Why Nature Photography is Now More Important than Ever

by Lana Tannir


Nature photography explores the wonders of our planet. The scope includes landscapes, wildlife, insects, and plants. On one hand, its intention is to portray the beauty of our environment. On the other hand, it can also serve another important purpose. In particular, it can document, record, verbalize, and trigger nature conservation, wildlife protection and environmental action. How? This article shows you how you too can make a difference by photographing beautiful landscapes and wildlife.

1. Nature Photography Exposes Species Close to Extinction

As frightening as it may sound: our planet is now in the midst of a sixth mass extinction. Dozens of plants and animals are disappearing every day at 1,000 times the normal rate. Scientists estimate that by 2050, between 30-50 percent of all species are going to be extinct. Basically, that is a pretty scary thought.

In the midst of this mass extinction, nature photography can play a major role. Specifically, it can both document endangered species and highlight the issue at hand. Through creativity, nature photographs can visualize scientific fact. In particular, several ways that nature photographs can make a difference include:

  • Revealing human-animal conflict around the globe and helping to prevent it
  • Documenting animal behavior and migration patterns
  • Exposing poaching attempts and illegal hunting
  • Documenting the last of a species for scientific visualization purposes and historic records (see Joel Sartore’s Photo Ark for inspiration)
  • Raising awareness on habitat protection for this species
  • Vocalizing the restoration and rehabilitation of endangered species at animal sanctuaries, NGOs and wildlife centers

2. Nature Photography Captures Changing Ecosystems

Remember the documentary Chasing Ice? Therein, photographer James Balog and his team create a multi-year visual chronicle of the planet’s glaciers. They set up cameras across different continents to take photographs of glaciers over a period of several years. What are their findings? Well…for danger of spoiling the documentary, I’m not going to reveal too much. 

The bottom line of the story is: our planet is changing at a rapid rate. After all, the Amazon Rainforest is burning. Likewise, Australian bushfires are raging with over 1 billion species falling victim to the fires. Our glaciers are melting. Entire ecosystems are collapsing. For this reason, nature photography is more critical than ever. Using nature photography, we can keep records of our biodiversity in its present state. In effect, we can illustrate the changes that are taking place in the long-term.

Glacier in Svalbard

3. Nature Photography Promotes Sustainability & Conservation

One of the biggest benefits of nature photography is that it can educate others about the beauty and vulnerability of our planet. With the onset of social media, it is now easier than ever for local photographers to make a global impact around the world. Our voices resonate louder. Our power to make a positive change on both a local, national, and international scale is stronger.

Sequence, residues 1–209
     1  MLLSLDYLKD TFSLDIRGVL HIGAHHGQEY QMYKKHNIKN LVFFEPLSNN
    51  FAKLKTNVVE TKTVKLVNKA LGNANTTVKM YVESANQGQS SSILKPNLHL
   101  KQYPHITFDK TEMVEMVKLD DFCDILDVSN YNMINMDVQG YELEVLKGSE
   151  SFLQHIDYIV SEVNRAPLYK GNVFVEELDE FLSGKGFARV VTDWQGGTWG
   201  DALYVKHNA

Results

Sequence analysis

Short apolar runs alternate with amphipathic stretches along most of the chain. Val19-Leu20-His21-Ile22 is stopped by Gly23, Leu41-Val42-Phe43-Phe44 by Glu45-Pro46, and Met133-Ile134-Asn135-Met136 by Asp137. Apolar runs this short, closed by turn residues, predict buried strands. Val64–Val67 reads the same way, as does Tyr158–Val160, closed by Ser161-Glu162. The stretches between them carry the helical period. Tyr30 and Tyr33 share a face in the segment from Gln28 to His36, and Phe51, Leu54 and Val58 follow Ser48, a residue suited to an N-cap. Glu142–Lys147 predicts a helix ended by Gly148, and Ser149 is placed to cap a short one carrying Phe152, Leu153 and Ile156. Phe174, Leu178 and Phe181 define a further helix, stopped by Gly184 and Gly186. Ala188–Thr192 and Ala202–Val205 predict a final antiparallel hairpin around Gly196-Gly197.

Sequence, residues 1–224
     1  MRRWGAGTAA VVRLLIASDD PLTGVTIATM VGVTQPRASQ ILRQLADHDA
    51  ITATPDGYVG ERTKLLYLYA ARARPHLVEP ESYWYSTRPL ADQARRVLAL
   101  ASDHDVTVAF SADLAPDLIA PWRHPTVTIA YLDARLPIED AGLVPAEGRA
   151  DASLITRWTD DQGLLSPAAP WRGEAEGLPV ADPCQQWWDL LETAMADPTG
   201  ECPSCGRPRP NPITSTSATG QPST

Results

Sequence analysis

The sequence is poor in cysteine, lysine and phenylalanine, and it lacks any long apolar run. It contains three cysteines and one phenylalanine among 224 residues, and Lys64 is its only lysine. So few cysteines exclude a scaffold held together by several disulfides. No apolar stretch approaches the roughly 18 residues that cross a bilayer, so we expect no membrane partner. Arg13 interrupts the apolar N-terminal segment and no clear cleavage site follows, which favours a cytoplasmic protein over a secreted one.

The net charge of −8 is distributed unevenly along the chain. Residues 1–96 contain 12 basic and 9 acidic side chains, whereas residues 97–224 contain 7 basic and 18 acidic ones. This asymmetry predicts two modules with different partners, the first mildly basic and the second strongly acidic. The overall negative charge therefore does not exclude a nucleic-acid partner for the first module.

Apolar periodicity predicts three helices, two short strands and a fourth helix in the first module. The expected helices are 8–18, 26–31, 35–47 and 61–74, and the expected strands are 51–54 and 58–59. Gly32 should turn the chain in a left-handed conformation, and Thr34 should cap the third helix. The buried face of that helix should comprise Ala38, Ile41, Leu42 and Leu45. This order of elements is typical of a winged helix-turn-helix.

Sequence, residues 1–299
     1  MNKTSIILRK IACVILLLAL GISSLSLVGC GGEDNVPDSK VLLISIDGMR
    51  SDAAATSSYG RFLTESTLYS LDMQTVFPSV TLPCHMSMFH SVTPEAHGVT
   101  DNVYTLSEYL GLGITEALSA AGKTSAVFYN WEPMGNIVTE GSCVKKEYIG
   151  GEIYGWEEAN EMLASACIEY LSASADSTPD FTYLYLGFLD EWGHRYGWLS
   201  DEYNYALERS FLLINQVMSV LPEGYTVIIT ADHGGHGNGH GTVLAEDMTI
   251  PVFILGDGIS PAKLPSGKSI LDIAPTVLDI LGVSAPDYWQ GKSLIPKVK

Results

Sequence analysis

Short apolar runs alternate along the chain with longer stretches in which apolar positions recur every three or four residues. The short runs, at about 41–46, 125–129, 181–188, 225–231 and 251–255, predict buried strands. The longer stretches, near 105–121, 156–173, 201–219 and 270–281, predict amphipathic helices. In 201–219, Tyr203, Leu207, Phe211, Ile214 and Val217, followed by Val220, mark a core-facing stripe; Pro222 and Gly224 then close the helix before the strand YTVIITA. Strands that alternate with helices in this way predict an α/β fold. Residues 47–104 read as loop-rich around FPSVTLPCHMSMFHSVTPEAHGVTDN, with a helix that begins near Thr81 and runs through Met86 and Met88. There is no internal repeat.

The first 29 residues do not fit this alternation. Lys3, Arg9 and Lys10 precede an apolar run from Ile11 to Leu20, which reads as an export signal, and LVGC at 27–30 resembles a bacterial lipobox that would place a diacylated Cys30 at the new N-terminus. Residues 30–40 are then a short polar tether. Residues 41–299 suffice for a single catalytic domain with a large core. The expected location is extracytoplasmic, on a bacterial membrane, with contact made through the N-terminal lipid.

Often times, people are not aware that certain species even exist and may be endangered. Hence, many issues that involve a certain species are only revealed when taking a peak behind the scenes. Many topics have gained importance as a result of photography. For example: wildlife tourism, habitat destruction, poaching, and plastic pollution. Depicting the repercussions and consequences of these practices can bring about immense change. In other words: industries can be pressured to become more sustainable. Laws and regulations can be introduced. And companies with cruel practices can be boycotted. Hence, nature photography can be a powerful tool for promoting sustainability and conservation through education.

4. Nature Photography Unites Communities to Act

In essence, photography has always been a very political art form, even when it comes to nature photography. A famous environmentalist, who employed this idea in his work is Ansel Adams. That is to say, Adams used the beauty of natural landscapes to make a statement about their value for humanity and culture. Therefore, when creating an image, we can simultaneously make a public statement. In fact, one that can greatly support groups in raising their voices against ill-intentioned actions.

Most of us are familiar with the term “together we are stronger”. This also applies to protecting landscapes and wildlife. With economics playing a major role in environmental decisions, nature photography is key to uniting communities to act on behalf of the planet. We can incite several actions with a powerful photograph. Among them are volunteering, petitioning, protesting, restoring, and innovating as a people. Ultimately, an image can move us to care. And it can unite us with other people that do so, as well.


Nature photography is a powerful tool. By depicting the beauty of our planet and wildlife, it can illustrate the irreplaceable value of our environment. Furthermore, it can serve to document the changes taking place in our eco-system and biodiversity over the long term. Through nature photography, communities can unite to act towards a common goal. Above all, a photograph can communicate the need for change on an international scale to promote a more sustainable future.

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